As you can see, the great the grayish spot is a big chunk of it that is taken out, that is on our side, on the earth. Side of the blue line is more than half of it is grayed out and a very small wedge is not. That corresponds to a waxing crescent. So that little disk on the lower left is represented on the right by a spherical distribution.

00:09:47:22 - 00:10:07:07
The moon is a sphere, not a disk. So a little pizza pie wedge like we see in the lower left becomes that crescent wedge. So if you were to take the crescent wedge of the moon and look at it from above, it would look like that pizza slice by the projected down. But we look at it from the surface of the earth and we see the poles at either end.

00:10:07:07 - 00:10:36:13
So the tips of the crescent, the horns of the crescent are at the poles, the north and south pole of the moon. So now let's go forward. First, though, we call this a waxing crescent moon West Waxing crescent moons are somewhere between 90 degrees and zero degrees. Elongation east of the sun they set just after the sunset. So if you see a waxing crescent moon, the sun will set and then the moon will set.

00:10:36:16 - 00:10:58:01
Roughly speaking, this image of the waxing crescent moon is a four day old moon. And the moon is in the sky. In the daytime sky, mostly during the day, but daytime. Of course it's daytime, certainly in the day. But the moon is, of course, when it's in this phase, mostly up during the day. Now we move along to the first quarter.

00:10:58:01 - 00:11:20:17
Moon The first quarter Moon. This is about seven days since New Moon and it's about it is 90 degrees elongation east from the sun. It is half illuminated. And why is it called first quarter? Well, it's one quarter of the way around and one quarter of the moon is what we can see to be illuminated. That's why we would call it first quarter.

00:11:20:17 - 00:11:51:08
There's multiple reasons, but one quarter of the way around from New. So this moon then will set at approximately midnight and it will rise at approximately. So let's see what we have next. And the moon goes around the earth and then we get to these waxing gibbous moons. The waxing gibbous moon will will rise sometime in the late afternoon and will be up most of the night.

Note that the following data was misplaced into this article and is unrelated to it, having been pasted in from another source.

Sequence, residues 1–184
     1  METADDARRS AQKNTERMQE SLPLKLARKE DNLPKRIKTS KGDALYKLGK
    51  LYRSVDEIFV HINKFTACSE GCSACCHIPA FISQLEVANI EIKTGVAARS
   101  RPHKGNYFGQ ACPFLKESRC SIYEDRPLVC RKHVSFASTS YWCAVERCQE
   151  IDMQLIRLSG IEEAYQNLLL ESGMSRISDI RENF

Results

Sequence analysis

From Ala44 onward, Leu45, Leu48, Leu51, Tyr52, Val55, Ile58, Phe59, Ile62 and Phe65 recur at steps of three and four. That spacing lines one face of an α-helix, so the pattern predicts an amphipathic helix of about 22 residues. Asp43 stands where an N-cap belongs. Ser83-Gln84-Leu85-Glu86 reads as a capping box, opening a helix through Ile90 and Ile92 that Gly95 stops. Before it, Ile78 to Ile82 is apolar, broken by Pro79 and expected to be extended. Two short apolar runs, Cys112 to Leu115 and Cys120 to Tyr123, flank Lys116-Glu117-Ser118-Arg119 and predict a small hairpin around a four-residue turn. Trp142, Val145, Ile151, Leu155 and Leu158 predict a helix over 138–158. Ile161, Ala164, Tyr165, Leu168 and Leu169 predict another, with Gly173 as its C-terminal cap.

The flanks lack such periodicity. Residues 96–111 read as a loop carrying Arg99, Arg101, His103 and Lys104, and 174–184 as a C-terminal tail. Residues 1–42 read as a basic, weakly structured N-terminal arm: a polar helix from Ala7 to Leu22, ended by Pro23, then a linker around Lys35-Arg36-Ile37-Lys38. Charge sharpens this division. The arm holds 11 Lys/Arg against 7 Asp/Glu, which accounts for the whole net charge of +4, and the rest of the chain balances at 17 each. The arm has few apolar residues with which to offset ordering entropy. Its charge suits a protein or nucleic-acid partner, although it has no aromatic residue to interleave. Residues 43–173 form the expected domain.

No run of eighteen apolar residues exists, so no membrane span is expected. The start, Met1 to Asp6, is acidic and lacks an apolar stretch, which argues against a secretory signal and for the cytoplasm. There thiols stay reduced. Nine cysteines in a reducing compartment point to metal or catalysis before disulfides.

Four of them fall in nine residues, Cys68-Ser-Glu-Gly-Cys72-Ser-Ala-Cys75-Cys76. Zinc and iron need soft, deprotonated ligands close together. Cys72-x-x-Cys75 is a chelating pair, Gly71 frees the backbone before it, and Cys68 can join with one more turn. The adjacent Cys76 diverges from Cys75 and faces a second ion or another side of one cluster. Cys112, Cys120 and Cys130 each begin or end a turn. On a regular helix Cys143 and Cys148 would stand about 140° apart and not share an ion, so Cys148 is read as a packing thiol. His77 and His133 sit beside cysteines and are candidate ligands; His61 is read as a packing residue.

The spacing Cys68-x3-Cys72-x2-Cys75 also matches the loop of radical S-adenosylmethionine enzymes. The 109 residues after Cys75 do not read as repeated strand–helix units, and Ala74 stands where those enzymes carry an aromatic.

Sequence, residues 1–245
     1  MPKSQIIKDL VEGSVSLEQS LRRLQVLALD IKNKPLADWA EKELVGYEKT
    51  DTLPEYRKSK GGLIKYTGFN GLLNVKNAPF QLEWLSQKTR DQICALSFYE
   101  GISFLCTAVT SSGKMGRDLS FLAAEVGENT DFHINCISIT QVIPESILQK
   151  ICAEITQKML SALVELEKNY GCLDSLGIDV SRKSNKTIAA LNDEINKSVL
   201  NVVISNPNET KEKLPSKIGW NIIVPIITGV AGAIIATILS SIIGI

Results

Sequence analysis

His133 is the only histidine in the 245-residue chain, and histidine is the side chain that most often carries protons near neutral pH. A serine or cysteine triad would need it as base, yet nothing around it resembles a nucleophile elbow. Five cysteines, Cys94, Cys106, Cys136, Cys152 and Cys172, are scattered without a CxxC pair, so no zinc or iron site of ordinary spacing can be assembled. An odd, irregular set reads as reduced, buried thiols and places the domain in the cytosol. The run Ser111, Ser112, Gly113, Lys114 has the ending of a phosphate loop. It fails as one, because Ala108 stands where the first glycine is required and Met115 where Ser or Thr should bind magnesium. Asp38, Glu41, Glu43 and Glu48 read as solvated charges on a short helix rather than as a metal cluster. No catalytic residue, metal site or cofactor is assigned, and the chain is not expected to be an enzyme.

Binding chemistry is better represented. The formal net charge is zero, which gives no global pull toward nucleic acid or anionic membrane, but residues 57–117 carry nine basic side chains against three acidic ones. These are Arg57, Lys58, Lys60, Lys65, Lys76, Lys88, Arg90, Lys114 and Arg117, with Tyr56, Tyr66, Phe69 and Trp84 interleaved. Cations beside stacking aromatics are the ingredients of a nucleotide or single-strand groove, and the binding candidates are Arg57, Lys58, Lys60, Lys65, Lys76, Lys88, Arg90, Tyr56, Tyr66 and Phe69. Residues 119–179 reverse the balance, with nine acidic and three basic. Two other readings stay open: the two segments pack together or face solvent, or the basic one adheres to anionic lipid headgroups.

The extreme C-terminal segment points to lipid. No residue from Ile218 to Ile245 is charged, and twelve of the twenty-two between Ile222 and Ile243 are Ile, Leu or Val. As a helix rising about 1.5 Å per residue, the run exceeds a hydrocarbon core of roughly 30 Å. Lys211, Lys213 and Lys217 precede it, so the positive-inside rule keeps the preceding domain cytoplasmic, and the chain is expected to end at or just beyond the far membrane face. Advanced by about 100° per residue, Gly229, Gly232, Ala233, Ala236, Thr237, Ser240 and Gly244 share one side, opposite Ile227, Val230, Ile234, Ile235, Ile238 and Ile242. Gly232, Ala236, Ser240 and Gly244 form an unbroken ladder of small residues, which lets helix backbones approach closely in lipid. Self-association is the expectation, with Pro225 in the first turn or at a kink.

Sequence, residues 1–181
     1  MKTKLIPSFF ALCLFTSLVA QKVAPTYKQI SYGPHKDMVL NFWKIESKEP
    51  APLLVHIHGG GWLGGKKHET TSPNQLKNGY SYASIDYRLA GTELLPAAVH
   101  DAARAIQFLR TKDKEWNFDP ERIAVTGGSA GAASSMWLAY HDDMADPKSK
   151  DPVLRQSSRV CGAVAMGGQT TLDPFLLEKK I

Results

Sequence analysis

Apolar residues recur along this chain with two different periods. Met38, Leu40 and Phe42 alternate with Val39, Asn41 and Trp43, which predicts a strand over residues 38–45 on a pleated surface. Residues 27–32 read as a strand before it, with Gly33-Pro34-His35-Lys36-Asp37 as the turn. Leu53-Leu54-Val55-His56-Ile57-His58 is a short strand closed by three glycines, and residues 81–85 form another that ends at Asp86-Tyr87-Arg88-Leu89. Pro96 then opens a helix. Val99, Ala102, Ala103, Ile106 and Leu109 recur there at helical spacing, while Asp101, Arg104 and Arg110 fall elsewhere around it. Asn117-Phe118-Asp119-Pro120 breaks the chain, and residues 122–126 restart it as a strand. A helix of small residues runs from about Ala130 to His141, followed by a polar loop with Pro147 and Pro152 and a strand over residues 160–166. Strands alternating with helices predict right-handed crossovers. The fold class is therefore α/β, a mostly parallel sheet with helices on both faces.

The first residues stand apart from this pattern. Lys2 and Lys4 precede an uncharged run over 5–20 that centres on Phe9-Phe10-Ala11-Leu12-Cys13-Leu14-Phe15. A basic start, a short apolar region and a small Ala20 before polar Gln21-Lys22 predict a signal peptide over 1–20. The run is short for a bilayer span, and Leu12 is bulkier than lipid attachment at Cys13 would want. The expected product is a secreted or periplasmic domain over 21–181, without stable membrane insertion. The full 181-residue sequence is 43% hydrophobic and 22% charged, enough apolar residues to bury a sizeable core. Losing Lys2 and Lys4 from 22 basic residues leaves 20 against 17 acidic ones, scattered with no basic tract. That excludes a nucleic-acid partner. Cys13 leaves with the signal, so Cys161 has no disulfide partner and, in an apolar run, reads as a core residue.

00:11:51:11 - 00:12:15:13
And then we'll set off sometime a little bit after midnight. This is roughly a ten day old moon, and it has an elongation angle from the sun between 90 and 180 degrees east of the moon. Next we have the full moon. Full moon is 180 degrees away from the sun in the sky. It's about 14 days in. And yes, it's directly opposite the moon to the sun from in the sky.

00:12:15:13 - 00:12:44:11
So it rises at sunset and sets at sunrise. Next we go to the waning gibbous moon. And this is roughly 18 day old moon. It's at 90 and 180 degrees west of the sun. This will rise sometime after sunset. It will be up most of the night and set after sunrise. Then we go to third quarter moon, which rises at midnight.

00:12:44:14 - 00:13:07:00
And it's about a 22 day old moon. It's 90 degrees west of the sun in the sky. It rises at midnight and sets at noon. Next we go to the waning crescent moons, which rise just before sunrise. This is 26 day old moon. And then the elongation angle between it and the sun is somewhere between zero and 90 degrees west of the sun.

00:13:07:03 - 00:13:30:14